Learning and robustness to catch-andrelease fishing in a shark social network

Abstract : Individuals can play different roles in maintaining connectivity and social cohesion in animal populations and thereby influence population robustness to perturbations.We performed a social network analysis in a reef shark population to assess the vulnerability of the global network to node removal under different scenarios. We found that the network was generally robust to the removal of nodes with high centrality. The network appeared also highly robust to experimental fishing. Individual shark catchability decreased as a function of experience, as revealed by comparing capture frequency and site presence. Altogether, these features suggest that individuals learnt to avoid capture, which ultimately increased network robustness to experimental catch-and-release. Our results also suggest that some caution must be taken when using capture–recapture models often used to assess population size as assumptions (such as equal probabilities of capture and recapture) may be violated by individual learning to escape recapture.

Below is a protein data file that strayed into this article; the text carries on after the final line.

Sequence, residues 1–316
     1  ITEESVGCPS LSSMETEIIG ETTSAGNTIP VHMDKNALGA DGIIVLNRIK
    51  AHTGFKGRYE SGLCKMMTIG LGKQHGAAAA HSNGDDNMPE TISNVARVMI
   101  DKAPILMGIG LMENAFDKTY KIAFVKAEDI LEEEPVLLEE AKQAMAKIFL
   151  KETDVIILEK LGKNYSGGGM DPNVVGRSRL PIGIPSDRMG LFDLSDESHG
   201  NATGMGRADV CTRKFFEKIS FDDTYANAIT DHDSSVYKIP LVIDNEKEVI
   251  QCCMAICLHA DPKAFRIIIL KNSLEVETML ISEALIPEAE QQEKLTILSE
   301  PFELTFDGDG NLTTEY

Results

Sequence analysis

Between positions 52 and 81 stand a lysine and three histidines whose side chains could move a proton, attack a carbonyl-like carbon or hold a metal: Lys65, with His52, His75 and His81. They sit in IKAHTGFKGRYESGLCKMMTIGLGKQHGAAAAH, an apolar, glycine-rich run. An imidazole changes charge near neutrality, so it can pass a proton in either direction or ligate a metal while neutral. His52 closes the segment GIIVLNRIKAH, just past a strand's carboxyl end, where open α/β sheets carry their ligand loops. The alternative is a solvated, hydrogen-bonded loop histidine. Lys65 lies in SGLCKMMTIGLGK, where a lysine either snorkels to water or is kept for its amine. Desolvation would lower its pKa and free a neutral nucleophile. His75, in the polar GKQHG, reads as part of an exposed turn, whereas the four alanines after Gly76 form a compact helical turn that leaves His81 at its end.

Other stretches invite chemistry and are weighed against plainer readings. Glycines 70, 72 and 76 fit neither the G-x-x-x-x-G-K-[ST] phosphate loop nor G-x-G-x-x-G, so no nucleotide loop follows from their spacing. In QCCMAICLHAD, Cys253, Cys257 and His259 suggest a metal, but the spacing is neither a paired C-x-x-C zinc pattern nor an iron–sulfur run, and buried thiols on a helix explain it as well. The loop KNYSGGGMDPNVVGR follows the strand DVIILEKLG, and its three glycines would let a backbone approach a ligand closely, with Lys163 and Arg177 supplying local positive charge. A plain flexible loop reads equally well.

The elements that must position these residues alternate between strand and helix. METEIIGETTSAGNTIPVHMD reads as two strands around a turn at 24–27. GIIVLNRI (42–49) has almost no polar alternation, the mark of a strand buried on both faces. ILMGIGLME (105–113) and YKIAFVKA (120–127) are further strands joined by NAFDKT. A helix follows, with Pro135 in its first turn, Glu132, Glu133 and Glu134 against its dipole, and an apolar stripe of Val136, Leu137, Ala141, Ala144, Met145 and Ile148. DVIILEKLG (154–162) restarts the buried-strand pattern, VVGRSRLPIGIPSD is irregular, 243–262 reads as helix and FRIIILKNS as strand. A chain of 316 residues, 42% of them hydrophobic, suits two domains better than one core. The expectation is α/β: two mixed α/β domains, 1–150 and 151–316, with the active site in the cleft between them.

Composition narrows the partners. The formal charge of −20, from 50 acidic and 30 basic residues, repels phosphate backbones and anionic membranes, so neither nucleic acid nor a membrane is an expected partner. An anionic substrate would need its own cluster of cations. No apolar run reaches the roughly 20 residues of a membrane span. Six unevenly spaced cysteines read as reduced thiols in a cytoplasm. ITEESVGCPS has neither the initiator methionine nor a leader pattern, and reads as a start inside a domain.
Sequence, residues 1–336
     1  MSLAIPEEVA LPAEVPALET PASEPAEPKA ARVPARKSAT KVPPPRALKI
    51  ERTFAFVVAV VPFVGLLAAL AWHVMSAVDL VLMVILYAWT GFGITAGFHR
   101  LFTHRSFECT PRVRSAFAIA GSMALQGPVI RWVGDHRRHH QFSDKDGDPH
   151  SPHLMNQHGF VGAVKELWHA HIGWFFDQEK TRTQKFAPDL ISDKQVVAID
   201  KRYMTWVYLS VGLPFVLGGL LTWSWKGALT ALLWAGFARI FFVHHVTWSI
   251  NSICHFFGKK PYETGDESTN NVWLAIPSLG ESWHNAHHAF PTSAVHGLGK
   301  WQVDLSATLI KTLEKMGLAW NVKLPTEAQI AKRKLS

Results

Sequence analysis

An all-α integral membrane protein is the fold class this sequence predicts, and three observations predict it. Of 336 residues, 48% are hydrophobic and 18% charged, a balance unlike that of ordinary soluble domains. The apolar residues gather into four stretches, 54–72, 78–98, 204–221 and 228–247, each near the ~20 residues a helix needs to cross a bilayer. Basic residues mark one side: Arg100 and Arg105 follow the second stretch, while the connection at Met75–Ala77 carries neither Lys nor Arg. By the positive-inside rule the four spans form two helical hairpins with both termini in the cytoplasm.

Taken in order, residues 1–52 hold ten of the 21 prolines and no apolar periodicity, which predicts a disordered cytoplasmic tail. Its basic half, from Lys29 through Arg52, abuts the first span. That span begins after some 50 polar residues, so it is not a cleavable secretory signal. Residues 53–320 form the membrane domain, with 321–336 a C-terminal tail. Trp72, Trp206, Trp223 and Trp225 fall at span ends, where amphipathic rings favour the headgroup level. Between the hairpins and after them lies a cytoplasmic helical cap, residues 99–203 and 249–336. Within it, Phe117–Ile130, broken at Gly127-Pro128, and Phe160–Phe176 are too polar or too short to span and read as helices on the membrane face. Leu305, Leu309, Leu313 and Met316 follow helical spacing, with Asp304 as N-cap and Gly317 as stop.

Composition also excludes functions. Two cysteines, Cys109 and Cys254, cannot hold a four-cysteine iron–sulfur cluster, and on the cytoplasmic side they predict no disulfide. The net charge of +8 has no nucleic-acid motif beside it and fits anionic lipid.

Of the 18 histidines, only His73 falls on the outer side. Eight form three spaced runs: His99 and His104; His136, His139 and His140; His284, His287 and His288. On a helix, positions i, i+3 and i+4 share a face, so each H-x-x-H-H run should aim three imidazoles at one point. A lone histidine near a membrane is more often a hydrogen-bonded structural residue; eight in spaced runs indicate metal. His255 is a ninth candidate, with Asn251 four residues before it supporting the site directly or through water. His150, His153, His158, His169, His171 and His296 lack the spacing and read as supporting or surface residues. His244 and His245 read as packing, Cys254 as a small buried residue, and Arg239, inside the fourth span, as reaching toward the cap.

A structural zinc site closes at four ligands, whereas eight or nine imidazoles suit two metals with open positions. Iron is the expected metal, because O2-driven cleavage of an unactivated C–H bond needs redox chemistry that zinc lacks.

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Contributeur : Dorian Miler <>
Soumis le : jeudi 13 juillet 2017 - 11:50:00
Dernière modification le : mardi 16 octobre 2018 - 01:01:37

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Johann Mourier, Culum Brown, Serge Planes. Learning and robustness to catch-andrelease fishing in a shark social network. Biology Letters, Royal Society, The, 2017, 〈10.1098/rsbl.2016.0824〉. 〈hal-01561754〉



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